If you’re a regular reader of SoundStage! Ultra, you’ll recall that back in October of 2021, I set up my personal pair of Sonus Faber Maxima Amators in my reference listening space. They sounded phenomenal, and I enjoyed several months of listening to them in that environment. The SFs were eventually supplanted by the Vivid Audio Giya G1 Spirits, which would take pride of place in my reference audio system—an experience you can read about by clicking my name under the Reference Systems tab on the front page of Ultra.
Since the Maximas now needed a new home, the plan was to move them to another space and have them anchor a slightly less expensive, slightly smaller, but still super-ambitious audio system. The space they were moving into isn’t as strategically outfitted with acoustic treatments as my reference listening space, and the dimensions are somewhat smaller as well. I knew the sound of the Sonus Fabers would change, but my challenge was to see just how high the smallish Maxima Amators could reach in this new, less-than-ideal environment.
I moved the Maxima Amators into their new resting spots and did a rough setup, like any good audiophile would. They sounded OK right off the bat, but I knew they weren’t performing close to their potential. Unlike my heavily treated main reference system, this placement is a bit more real world and only incorporates eight absorptive acoustic panels directly behind and to the sides of the loudspeaker locations—no bass traps, no diffusers. As for dimensions, the front wall is 14′ across, the room depth is 20′, and the ceiling height is 9′. How would the setup here compare with the setup in my main listening space? I was keen to find out, but I definitely had more work to do.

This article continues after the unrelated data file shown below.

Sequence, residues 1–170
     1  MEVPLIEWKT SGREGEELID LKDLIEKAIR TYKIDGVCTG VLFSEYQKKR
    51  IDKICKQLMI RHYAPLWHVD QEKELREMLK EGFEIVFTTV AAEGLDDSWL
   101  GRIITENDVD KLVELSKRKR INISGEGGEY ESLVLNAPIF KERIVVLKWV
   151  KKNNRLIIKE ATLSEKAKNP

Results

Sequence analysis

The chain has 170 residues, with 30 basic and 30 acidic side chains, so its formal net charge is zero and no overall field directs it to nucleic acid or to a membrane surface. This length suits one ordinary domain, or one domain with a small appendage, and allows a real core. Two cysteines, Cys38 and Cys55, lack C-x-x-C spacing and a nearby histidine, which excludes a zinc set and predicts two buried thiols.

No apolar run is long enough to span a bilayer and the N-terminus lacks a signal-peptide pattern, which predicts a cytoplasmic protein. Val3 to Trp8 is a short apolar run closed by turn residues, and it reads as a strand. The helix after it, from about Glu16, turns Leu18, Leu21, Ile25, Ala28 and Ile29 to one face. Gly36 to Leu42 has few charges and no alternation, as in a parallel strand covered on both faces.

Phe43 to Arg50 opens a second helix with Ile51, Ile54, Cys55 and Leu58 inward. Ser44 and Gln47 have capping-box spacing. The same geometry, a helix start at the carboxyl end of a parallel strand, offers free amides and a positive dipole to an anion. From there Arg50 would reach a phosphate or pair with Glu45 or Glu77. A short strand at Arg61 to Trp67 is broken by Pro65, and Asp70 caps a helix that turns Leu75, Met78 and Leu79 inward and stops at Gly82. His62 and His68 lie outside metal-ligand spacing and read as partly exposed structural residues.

I started the dialing-in process by placing the speakers in an equilateral triangle in relation to the listening position—as instructed by the Sonus Faber owner’s manual—with 8′ 6″ between the two speakers, 28″ from each sidewall to front outside speaker spike, and about 40″ from the front wall to front baffles. I achieved these measurements with the speakers, as my father used to say, “parallel and perpendicular” to the walls around them, simply because it was easier to obtain accurate initial physical measurements in this way. I did take the time to listen, and in a word, blah. This configuration was better than the initial plop-down locations, but it still wasn’t great.
I then toed in the speakers so they directly faced the listening position (the distance from the front outside speaker spike to the sidewall was now 32.5″). This was consistent with the advice in the Maxima Amator owner’s manual, which states: “The loudspeakers’ axis should converge toward the listening position by crossing over top of it, thus creating the ‘equilateral triangle’ stereophonic configuration. This measure, which consists [of] positioning the loudspeakers in such a way as to literally point them toward the listener’s ears, allows significant improvement in the focus of the stereophonic image.”